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Operation of a Wire-Plate Pulsed Corona Plasma Reactor for Flue Gas Control

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4 Author(s)
Hammer, T. ; Siemens AG Corp. Technol., Erlangen ; Hartmann, W. ; Romheld, M. ; Safitri, A.

Summary form only given. Pulsed corona plasma (PCP) reactors offer novel solutions to problems concerning environmental issues in power generation and in a number of industrial processes. Emerging technologies like PCP conversion of noxious compounds in flue gases (nitrogen oxides, sulfur oxides, heavy metals), decomposition of (halogenated) hydrocarbons from industrial processes, or the decomposition of tar-like substances in bio-derived gaseous fuels rely on high efficiency, high throughput plasma reactors. We report on experimental investigations of a laboratory size, wire-plate plasma reactor for pulsed corona treatment of gas flows. Results concerning experiments in ambient air without gas flow, characterising the reactor performance with and without application of a DC bias voltage, have been published previously. Operation with gas flow, at pulse repetition frequencies of between 10 pps and 1000 pps, is reported in this work. Pulse voltage amplitudes were varied between 10 and 28 kV, at pulse duration of typically 150 ns (FWHM). As a model system for benchmarking of the simulation of plasma kinetic processes in the reactor, the formation of ozone in this system is investigated experimentally as well as theoretically. The results of both experiment and numerical simulation of the plasma-chemical processes are presented and discussed. Whereas the maximum ozone concentration of over 1000 ppm was achieved for pure DC operation, the ozone production efficiency was lowest for DC operation and highest for pulsed operation. In pulsed operation without DC bias voltage, an efficiency of around 70 g/kWh has been achieved, which is more than 5 times the DC value and compares well with published results from commercial installations using atmospheric pressure DBD (dielectric barrier discharge) in pure oxygen. The experimental results were compared with results from gas-phase simulations for both DC and pulsed operation. Whereas for DC operation the average reduced electr- c field in the vicinity of the wires of the order of 100 Td very consistently reproduced the experimental results, the pulsed operation requires a correction of the reduced electric field strength to considerable higher values of up to 300 Td. Taking into account the field enhancement at the streamer head, this assumption is in accordance with results from earlier work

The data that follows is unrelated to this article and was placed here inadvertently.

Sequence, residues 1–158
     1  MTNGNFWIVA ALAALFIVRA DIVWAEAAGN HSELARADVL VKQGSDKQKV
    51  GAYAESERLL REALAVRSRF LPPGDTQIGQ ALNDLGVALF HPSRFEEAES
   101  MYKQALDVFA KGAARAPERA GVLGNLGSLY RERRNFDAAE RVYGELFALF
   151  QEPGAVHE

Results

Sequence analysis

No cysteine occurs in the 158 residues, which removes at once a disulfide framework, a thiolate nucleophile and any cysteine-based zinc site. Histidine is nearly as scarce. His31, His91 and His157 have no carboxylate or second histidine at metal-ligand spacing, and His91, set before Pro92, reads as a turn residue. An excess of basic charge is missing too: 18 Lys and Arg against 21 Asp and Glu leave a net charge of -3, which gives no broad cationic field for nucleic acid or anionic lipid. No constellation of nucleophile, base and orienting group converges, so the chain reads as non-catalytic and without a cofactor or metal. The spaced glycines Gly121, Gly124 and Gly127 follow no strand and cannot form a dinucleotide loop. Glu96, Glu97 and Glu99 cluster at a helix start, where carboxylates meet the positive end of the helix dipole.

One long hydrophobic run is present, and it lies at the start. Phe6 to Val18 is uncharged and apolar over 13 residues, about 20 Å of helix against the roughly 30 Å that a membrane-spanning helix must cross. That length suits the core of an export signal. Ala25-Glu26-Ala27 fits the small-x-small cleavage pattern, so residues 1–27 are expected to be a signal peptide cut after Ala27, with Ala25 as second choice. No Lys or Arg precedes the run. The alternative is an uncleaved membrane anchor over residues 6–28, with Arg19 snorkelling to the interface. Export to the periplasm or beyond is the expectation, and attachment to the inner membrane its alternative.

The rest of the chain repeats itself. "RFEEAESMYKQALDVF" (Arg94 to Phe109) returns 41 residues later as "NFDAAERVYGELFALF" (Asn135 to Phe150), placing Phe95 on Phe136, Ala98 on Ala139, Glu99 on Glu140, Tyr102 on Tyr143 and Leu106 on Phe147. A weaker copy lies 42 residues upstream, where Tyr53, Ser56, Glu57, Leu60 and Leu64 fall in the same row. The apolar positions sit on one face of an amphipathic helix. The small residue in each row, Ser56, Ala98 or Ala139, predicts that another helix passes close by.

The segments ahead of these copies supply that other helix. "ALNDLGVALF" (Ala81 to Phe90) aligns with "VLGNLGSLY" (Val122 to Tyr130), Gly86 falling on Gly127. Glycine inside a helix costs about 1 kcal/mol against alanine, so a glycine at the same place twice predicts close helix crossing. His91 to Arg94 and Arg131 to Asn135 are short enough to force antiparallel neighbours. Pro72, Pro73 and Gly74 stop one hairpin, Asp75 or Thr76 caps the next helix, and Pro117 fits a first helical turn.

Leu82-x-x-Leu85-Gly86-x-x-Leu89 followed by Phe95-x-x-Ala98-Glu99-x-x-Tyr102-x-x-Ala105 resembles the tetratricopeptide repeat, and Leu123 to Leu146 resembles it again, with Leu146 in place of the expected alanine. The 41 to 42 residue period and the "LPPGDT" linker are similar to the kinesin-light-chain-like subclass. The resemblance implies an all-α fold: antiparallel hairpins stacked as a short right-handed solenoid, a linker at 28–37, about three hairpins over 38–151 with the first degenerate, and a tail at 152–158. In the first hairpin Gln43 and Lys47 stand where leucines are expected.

Published in:

Plasma Science, 2005. ICOPS '05. IEEE Conference Record - Abstracts. IEEE International Conference on

Date of Conference:

20-23 June 2005